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The Bull Market’s Dangerous Illusion

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It's hard to bemoan a bull market, but there's reason to believe that we should. Since the last major correction in the summer of 2011, during which the S&P 500 (SNPINDEX: ^GSPC  ) lost 17% of its value over the course of a month, the broader market is up by 46%. While this is great for anyone who holds stocks, as I and most of our readers do, it's fueled a dangerous illusion of economic prosperity that simply isn't reflected in the underlying economy.

How many times over the last few months have you read about the need for the Federal Reserve to begin tapering its monetary support for the economy? Chances are, a lot. The mainstream financial media can't seem to go a day without postulating if and when the central bank will begin reducing its monthly purchases of long-term treasuries and mortgage-backed securities that are designed to drive down borrowing costs and spur employment.

What's causing this angst? The only reasonable explanation is the media's unhealthy obsession with the daily, weekly, and monthly fluctuations in the stock market. This pressure has built up so much, in fact, that the chairman of the Fed, Ben Bernanke, felt obligated to address the impact of monetary policy on asset prices in a recent speech titled "Monitoring the Financial System."

Of course, the Fed has always paid close attention to financial markets, for both regulatory and monetary policy purposes. However, in recent years, we have both greatly increased the resources we devote to monitoring and taken a more systematic and intensive approach, led by our Office of Financial Stability Policy and Research and drawing on substantial resources from across the Federal Reserve System. This monitoring informs the policy decisions of both the Federal Reserve Board and the Federal Open Market Committee as well as our work with other agencies.

But here's the problem: for legitimate reasons, the stock market has gotten ahead of the underlying economy. The reason is that rising corporate profitability has been fueled, in large part, by expense cuts. Over the last few years, for instance, few companies have failed to announce large-scale labor reductions. Proctor & Gamble announced plans last year to lay off 10% of its workforce. Around the same time, Pepsico did the same, targeting a 3% reduction of its headcount.

With this in mind, nothing demonstrates the decoupling of stock prices from the underlying economy better than the condition of the labor market.

Has unemployment been improving? Absolutely. Since peaking at 10% in October of 2009, the official unemployment rate has come all the way down to 7.5%.

But there are two problems with this. In the first case, even though 7.5% is markedly better than 10%, it's still way too high. To put this in perspective, the average rate of unemployment since the end of World War II is 5.8%. The standard deviation, within which two-thirds of all individual observations lay, is 4.1% to 7.5%. Consequently, not only is the current rate nearly a third higher than the long-run average, it just barely falls within the first standard deviation.

In the second case, there's reason to believe that even the 7.5% figure dramatically understates the actual employment situation. This is because the official rate only takes into consideration people who are both unemployed and currently looking for a job. That is, it excludes people who can only find part-time work, and those who have given up on the job hunt altogether. Once these people are included, the rate skyrockets to 13.9%.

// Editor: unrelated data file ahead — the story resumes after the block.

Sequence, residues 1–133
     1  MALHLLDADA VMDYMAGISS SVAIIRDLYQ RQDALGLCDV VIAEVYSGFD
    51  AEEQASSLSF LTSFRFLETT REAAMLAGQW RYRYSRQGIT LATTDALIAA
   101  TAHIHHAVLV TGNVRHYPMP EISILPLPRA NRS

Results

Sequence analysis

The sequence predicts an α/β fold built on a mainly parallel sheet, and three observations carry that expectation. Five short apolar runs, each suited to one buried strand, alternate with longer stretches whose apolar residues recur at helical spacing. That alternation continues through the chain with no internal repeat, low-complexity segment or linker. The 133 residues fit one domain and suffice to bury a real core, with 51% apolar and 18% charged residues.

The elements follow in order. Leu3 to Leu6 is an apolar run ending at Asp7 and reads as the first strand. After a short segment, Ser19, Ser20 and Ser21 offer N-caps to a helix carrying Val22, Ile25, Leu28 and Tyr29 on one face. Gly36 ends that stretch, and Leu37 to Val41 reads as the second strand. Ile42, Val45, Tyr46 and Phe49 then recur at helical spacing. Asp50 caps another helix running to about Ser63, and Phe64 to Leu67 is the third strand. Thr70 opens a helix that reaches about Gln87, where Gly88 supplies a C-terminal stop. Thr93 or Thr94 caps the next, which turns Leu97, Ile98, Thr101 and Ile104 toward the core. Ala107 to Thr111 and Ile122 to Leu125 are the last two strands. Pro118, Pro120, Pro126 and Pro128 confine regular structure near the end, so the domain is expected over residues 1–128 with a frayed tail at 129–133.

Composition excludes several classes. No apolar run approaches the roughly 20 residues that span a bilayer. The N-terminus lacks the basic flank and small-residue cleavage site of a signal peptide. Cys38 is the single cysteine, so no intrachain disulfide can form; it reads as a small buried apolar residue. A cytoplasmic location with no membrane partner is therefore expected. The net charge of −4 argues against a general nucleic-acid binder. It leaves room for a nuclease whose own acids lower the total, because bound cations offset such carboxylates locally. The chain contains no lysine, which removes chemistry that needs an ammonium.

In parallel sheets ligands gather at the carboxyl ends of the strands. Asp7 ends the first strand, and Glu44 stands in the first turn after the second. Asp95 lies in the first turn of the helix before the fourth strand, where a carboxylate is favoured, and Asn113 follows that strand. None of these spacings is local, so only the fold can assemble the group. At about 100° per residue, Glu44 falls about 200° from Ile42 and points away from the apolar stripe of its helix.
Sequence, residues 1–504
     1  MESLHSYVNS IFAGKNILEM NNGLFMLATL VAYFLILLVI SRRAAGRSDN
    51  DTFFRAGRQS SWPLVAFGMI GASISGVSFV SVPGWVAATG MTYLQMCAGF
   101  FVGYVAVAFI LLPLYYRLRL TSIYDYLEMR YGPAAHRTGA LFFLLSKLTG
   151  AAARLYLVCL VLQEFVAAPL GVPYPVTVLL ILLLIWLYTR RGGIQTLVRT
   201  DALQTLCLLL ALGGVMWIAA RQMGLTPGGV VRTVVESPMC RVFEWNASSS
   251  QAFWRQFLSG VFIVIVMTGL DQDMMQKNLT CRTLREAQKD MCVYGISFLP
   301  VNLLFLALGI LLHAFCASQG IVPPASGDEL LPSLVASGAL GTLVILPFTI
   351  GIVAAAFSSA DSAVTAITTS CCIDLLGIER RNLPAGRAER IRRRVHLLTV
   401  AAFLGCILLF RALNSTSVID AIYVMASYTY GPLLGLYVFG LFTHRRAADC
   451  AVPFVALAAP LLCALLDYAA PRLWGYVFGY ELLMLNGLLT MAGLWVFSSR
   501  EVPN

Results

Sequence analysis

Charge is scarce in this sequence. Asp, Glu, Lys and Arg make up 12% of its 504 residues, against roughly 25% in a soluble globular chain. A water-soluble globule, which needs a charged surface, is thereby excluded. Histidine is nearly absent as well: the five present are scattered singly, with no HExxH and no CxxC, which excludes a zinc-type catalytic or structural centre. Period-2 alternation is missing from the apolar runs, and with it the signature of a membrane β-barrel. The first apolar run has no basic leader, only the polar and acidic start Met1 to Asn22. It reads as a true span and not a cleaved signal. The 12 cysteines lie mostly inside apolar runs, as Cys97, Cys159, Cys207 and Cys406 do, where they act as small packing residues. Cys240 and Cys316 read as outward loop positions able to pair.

Now, I know what you're saying: it isn't the Fed's responsibility to make sure that people have jobs. Well, actually, yes it is. Under the Federal Reserve Act of 1913, the central bank is legally obliged to "maintain long run growth of the monetary and credit aggregates commensurate with the economy's long run potential to increase production, so as to promote effectively the goals of maximum employment, stable prices, and moderate long-term interest rates."

The point here is that we're doing ourselves a grave disservice by using the ongoing bull market as a guide for monetary policy. Are stocks too high right now? Yes -- at least in my opinion they are. Is the Fed partly to blame for this? Yes. But the more pressing issue is unemployment and, in the absence of robust fiscal stimulus, the only feasible weapon we have to deploy against this scourge is monetary policy.

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Read/Post Comments (1) | Recommend This Article (3)

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Help us keep this a respectfully Foolish area! This is a place for our readers to discuss, debate, and learn more about the Foolish investing topic you read about above. Help us keep it clean and safe. If you believe a comment is abusive or otherwise violates our Fool's Rules, please report it via the Report this Comment Report this Comment icon found on every comment.

  • Report this Comment On June 01, 2013, at 6:15 PM, brenoboyle wrote:

    Unemployment is at best a lagging indicator for the stock market and the economy, it doesn't tell you when to buy stocks.

    Look at the beginning of the last secular bull market. From Jan-1982 until Jan-1983 the Dow went up 22% and the unemployment rate went up 14%.

    Likewise in the last recession the market hit bottom in Q1 2009 and the unemployment rate only started to drop one year later.

    That's not to say that it isn't too bad that so many people are unemployed. But feeling sorry for them and selling stocks because of it isn't going to make either you or them any richer.

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